I did get a 10" wheel with it. That's nice to have, but not necessary.

 

The down side is, as Gabriel said, the tool rest. I have considered trying to fab up something more stable.

 

And it is one speed only. This is fine for hogging, but I don't have the nerve for final edge work.

 

If I were starting from scratch with a $600 limit, I would seriously consider a Coote, but you would have to find a good deal on a 1.5 or 2hp motor and a step pulley to come in under budget.

 

I'm not sure I'd go $600 on Griz.

 

My $.02

 

Don

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I'm sure I sound like a broken record since I post this every time someone asks about a grizzly grinder, but I got into this setup from Oregon Blade Maker with a variable speed motor for about $700. the basic grinder was $495, so if you can scrounge a motor, you could run with step pulleys or single speed for no more money than a grizz and have a much nicer grinder.

 

I've had mine for over a year, and have been very pleased.

 

https://www.youtube.com/watch?v=j61RprWPSr8

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Im building mine, if you can find a used motor cheap, its well worth it IMHO. If you can weld its no problem, take a look at mine on instagram @tubbyblacksmith

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You have done thus?_

 

You bet, others too. Poke around on bladeforums.com especially for discussion and examples. It's a great starter...I mean come on 150 bucks, 50 more in good trugrit belts you're ready to go. Invest little in this until your clear on where you're headed, I say. Let's say you come to the point where you're into knifemaking seriously, well, the little craftsman still has its uses in a shop, buy a grizzly at that point or one of the other good examples noted here. I'm having trouble linking what I've done but you can go to my profile here, select content and topics, see some examples from a few years back. There's lots to learn about knife making aside from grinding and for me it was good to have a super-cheap but capable stock removal machine to get me into the process.

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Grinders are easy to build if you can drill holes straight or weld 3/8" steel. Easy is a relative term though. If you got nothing, the Grizzly might do. But I don't like the design. The drive wheel is directly on the motor, so there's no speed control, and it's also the only contact wheel, so unless you have the 10" wheel, which costs more, the motor is in the way. It's much better to have a separate drive and contact wheels like the KMG, Bader, and pretty much everything else. IMO the 3 wheel design is the best.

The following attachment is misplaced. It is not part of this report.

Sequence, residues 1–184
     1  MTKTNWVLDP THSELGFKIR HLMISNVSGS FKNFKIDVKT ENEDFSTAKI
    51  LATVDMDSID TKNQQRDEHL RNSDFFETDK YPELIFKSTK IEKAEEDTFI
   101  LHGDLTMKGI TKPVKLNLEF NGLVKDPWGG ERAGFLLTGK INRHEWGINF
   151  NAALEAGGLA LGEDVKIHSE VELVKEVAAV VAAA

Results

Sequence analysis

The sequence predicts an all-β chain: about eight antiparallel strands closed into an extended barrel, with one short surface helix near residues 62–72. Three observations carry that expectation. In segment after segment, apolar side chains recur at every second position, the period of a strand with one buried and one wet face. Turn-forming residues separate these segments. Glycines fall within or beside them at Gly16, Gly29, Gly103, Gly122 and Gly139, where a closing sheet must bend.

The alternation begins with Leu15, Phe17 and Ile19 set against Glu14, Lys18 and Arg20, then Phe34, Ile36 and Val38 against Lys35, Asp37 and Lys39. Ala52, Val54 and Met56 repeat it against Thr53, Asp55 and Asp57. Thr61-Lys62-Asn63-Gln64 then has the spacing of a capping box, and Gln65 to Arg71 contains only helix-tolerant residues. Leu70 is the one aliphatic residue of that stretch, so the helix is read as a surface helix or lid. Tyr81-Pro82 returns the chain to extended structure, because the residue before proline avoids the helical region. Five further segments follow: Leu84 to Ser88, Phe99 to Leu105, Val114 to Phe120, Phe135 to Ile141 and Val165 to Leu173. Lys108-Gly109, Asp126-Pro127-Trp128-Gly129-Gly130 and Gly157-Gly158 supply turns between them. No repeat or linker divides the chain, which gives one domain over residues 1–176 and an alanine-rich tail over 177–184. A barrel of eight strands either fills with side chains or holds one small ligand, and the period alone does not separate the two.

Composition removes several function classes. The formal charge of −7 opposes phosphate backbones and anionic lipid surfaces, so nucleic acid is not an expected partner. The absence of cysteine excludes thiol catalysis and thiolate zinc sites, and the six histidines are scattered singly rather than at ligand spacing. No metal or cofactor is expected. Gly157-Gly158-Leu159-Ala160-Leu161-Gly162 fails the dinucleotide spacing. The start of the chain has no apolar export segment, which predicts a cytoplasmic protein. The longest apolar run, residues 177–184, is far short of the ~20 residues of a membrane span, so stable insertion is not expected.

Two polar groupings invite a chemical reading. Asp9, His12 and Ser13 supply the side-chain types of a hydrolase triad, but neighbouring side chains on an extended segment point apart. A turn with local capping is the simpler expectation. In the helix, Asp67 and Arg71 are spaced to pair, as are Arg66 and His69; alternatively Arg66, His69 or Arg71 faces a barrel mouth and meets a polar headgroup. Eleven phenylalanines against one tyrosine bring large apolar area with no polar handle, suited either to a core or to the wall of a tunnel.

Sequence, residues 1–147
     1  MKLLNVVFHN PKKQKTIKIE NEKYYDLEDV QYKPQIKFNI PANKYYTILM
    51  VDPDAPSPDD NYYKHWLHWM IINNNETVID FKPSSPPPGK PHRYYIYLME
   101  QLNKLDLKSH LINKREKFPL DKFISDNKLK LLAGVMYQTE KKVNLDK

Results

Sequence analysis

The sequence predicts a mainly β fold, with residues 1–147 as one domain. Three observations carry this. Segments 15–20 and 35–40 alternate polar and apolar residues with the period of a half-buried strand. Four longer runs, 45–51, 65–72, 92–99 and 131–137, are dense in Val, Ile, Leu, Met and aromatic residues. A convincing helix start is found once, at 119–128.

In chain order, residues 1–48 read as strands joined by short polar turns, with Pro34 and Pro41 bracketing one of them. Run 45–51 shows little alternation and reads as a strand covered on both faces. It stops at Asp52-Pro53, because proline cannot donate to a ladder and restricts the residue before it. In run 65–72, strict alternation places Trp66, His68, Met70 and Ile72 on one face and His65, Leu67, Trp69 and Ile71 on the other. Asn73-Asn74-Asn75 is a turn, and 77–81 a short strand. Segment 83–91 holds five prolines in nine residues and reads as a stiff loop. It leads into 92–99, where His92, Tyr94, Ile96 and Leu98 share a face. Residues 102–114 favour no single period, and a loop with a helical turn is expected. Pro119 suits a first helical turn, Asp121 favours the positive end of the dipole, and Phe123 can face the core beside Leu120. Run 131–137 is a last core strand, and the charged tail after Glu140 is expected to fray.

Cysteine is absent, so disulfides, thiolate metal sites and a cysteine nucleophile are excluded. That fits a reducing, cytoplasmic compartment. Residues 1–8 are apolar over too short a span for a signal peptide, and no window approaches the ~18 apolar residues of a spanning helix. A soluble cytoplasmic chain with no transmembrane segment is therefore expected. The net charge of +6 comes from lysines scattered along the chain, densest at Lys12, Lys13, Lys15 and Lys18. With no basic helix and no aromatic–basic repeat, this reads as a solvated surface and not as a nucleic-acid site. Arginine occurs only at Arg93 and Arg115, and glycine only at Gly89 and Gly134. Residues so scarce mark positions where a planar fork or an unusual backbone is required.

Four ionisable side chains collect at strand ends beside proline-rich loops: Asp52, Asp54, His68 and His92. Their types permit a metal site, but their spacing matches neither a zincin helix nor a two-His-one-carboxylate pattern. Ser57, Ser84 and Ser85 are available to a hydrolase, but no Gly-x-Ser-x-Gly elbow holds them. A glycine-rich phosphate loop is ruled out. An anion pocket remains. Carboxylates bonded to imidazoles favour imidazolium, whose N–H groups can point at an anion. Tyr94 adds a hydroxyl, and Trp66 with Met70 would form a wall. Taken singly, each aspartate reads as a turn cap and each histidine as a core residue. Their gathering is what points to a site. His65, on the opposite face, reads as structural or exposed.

I do a lot of hollow grinding on contact wheels, but that's just my preference. I have a KMG and some other home built grinders. I think I paid $750 shipped for the KMG with the flat platen and no other options, but that was a while ago. I wired up several motors, but now I'm using a 3hp 220v with a high/low step pulley. Running it at high speed with 3hp is far more productive than trying not to bog down a 1hp motor at lower speeds. I can do in 2-3 minutes what used to take a half hour or more.

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Interesting information, so far i must say all the handwork takes huge amounts of time. Project ahead building one whit 2.2hp motor

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Brian, what build design do you like best ? I plan on building but my head is spinning from all the options and I have no idea what I want. I'll probably use a 2 hp motor and I'll tap and bolt everything because I don't know how to weld (yet). I'm a bit intimidated from the VFD's and they are very expensive, but I've heard some people use the Chinese ebay ones to good effect.

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I favor the Coote. It's a little more expensive than the Grissly but it's also more flexible in that it can be fitted with an optional small wheel arm. That said, I know of a Master Smith out there who earned his stamp with a Griz.

 

Doug

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They were actually making that thing when I got mine in '96.

It's better than having nothing, in my opinion, yet I know of a couple guys who have made quite a reputation using one.

After i got my first Bader BIII in 2000 I always referred to my Grizzly as a $400.00 pencil sharpener.